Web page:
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In re Telexfree Securities Litigation

United States District Court, D. Massachusetts

February 5, 2019

In re TELEXFREE SECURITIES LITIGATION

          MEMORANDUM AND ORDER ON DEFENDANT WELLS FARGO, N.A.'S MOTIONS TO DISMISS (Document No. 171)

          TIMOTHY S. HILLMAN, DISTRICT JUDGE.

         Introduction

         Wells Fargo, N.A. (“Wells Fargo”) a defendant in the TelexFree multi-district securities litigation, move to dismiss all counts against them in the Second Consolidated Amended Complaint (“SCAC”) pursuant to Fed.R.Civ.P. 12(b)(6). TelexFree, Inc. (“TelexFree”) was a pyramid scheme that operated from February 2012 to April 2014, and involved approximately two million participants worldwide, nearly a million of whom suffered a net financial loss. Several plaintiffs filed actions in federal district courts across the United States seeking to recover their losses against dozens of defendants, ranging from financial service providers, including banks (such as Wells Fargo), payment processing companies, and the principals of the fraudulent scheme employed by or otherwise involved with TelexFree. As the actions involved common questions of fact, the Judicial Panel on Multi-district Litigation joined the actions into a multidistrict litigation, ordered transfer of all actions to the District of Massachusetts for coordinated or consolidated pretrial proceedings.

         Background

         Wells Fargo is identified in the SCAC as a bank that maintained accounts for TelexFree and “provided banking services, maintained accounts, and received and executed transfers of funds from or for the benefit of TelexFree” (SCAC ¶84). The only other specific reference to Wells Fargo in the SCAC is ¶713 which alleges “Wells Fargo also maintained accounts on behalf of TelexFree and processed transactions amounting to tens of millions of dollars for TelexFree.” The Plaintiff seeks recovery against Wells Fargo for aiding and abetting in violation of Mass. Gen. L. ch. 93 §§ 12 and 69 and ch. 93A §§ 2(a) and 11 (Count III), unjust enrichment (Count IV), and tortious aiding and abetting (Count X).

         The SCAC also makes general allegations against all bank defendants. As general averments, Plaintiffs allege that the defendant banks received significant funds from TelexFree and other defendants to provide banking services, maintain accounts, and receive and execute transfers for the benefit of TelexFree. (¶ 711). They further allege that the defendant banks profited from these relationships and that despite a federal regulatory duty to be watchful for the existence of “red flags” surrounding TelexFree, they allowed the pyramid scheme to utilize their services including:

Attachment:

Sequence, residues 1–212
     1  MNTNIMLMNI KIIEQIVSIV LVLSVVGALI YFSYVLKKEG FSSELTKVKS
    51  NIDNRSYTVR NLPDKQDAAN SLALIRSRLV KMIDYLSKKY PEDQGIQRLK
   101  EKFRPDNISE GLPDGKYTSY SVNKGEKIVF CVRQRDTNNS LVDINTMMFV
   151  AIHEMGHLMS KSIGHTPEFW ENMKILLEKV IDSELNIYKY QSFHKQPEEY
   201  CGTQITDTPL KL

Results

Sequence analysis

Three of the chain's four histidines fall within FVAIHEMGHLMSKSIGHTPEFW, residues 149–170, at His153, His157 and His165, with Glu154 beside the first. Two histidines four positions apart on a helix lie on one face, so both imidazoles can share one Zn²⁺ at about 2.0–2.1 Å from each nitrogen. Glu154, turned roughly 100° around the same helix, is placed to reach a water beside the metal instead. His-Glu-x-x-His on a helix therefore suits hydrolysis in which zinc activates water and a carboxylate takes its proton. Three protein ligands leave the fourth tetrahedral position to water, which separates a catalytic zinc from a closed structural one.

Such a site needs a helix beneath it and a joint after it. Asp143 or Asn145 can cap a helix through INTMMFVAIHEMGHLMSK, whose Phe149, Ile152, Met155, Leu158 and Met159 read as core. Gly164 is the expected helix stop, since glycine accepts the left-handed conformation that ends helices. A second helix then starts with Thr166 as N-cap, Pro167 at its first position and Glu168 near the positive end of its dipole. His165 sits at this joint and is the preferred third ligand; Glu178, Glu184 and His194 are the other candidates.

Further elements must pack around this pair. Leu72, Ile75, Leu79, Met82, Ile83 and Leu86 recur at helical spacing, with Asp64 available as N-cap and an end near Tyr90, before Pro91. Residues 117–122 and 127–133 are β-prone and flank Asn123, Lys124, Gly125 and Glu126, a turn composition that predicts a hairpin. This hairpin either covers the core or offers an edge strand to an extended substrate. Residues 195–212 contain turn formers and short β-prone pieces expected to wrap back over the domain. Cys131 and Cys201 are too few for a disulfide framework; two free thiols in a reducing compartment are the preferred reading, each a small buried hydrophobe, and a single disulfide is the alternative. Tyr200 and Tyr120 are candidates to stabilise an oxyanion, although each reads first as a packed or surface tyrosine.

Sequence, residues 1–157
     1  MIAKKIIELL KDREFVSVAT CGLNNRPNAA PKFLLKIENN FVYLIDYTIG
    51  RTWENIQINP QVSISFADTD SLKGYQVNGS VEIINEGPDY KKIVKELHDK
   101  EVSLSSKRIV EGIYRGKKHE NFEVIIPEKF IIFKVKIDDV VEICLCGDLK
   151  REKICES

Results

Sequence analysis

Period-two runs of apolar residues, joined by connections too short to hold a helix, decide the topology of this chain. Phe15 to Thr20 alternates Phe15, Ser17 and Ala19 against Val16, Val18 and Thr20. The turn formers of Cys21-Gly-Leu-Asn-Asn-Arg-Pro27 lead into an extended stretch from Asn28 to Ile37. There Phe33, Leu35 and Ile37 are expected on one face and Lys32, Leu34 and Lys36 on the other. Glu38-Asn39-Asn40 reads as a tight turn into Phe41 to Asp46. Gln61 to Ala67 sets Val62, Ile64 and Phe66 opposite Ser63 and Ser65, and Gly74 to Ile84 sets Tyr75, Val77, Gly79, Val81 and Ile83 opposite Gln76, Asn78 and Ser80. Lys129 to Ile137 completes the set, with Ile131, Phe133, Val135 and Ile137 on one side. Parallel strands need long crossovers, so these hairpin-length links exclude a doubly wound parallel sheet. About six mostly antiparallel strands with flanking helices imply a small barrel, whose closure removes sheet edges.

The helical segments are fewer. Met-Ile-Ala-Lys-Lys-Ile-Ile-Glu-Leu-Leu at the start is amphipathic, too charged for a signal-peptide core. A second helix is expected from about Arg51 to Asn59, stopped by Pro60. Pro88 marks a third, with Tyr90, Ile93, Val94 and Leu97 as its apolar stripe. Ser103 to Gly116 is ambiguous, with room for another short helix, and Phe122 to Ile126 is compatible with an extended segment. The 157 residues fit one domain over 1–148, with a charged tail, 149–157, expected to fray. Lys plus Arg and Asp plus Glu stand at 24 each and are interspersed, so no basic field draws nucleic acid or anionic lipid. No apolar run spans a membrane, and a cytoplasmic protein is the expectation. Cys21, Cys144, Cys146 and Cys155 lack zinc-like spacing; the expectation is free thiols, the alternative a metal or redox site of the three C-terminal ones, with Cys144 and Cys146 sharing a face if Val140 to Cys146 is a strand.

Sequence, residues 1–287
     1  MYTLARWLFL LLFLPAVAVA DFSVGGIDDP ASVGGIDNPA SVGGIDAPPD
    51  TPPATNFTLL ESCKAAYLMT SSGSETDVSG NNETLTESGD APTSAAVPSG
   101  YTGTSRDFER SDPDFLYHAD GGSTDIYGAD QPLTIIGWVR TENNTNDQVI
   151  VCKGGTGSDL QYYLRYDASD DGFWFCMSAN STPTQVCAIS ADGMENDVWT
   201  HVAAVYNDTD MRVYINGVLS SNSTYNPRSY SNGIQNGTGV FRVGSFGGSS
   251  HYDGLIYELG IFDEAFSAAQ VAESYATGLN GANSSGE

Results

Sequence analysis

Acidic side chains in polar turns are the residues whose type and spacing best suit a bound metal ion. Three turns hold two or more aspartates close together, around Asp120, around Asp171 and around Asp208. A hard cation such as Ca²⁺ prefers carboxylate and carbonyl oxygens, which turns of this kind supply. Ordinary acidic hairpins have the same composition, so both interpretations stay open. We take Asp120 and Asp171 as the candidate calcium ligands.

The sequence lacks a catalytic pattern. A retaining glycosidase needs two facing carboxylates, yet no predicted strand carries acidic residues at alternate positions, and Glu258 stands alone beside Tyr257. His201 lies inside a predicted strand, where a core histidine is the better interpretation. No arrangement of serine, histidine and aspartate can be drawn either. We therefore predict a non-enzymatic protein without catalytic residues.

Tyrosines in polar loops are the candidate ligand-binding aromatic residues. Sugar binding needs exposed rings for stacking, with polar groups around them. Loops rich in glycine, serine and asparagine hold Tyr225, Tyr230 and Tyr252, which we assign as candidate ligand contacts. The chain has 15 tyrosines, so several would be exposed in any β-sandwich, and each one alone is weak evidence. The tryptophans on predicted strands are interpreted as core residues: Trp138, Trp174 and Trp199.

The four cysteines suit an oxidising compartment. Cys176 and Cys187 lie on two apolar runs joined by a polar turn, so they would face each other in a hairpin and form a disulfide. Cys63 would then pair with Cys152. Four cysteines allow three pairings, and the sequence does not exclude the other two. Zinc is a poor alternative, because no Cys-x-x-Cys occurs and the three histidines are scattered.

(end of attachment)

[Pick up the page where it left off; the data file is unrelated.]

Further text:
• Processing and opening depository accounts;
• Receiving payments made by promoters of TelexFree to become members of the program;
• Maintaining depository accounts containing funds paid by promoters to TelexFree;
• Making payments to certain promoters as part of TelexFree's investment;
• Transferring funds paid by promoters of TelexFree among TelexFree entities, defendant founders' personal accounts, foreign companies, and shell companies; and
• Allowing TelexFree to use the banks' name in their promotional materials thereby lending TelexFree the use of their reputation and credibility.

         Discussion

         To withstand a Rule 12(b)(6) motion to dismiss, a complaint must allege a claim that plausibly entitles the plaintiff to relief. Bell Atl. Corp. v. Twombly, 550 U.S. 544, 570, 127 S.Ct. 1955, 167 L.Ed.2d 929 (2007). Plausibility does not require probability but “it asks for more than a sheer possibility the defendant has acted unlawfully.” Ashcroft v. Iqbal, 556 U.S. 662, 678, 129 S.Ct. 1937, 173 L.Ed.2d 868 (2009) (citing Twombly, 550 U.S. at 556). “If the factual allegations in the complaint are too meager, vague, or conclusory to remove the possibility of relief from the realm of mere conjecture, the complaint is open to dismissal.” Rodriguez-Reyes v. Molina-Rodriguez, 711 F.3d 49, 53 (1st Cir. 2013) (quoting SEC v. Tambone, 597 F.3d 436, 442 (1st Cir. 2010) (en banc)). “[A] conclusory allegation … does not supply facts adequate to show illegality [whereas] [a]n allegation … ...


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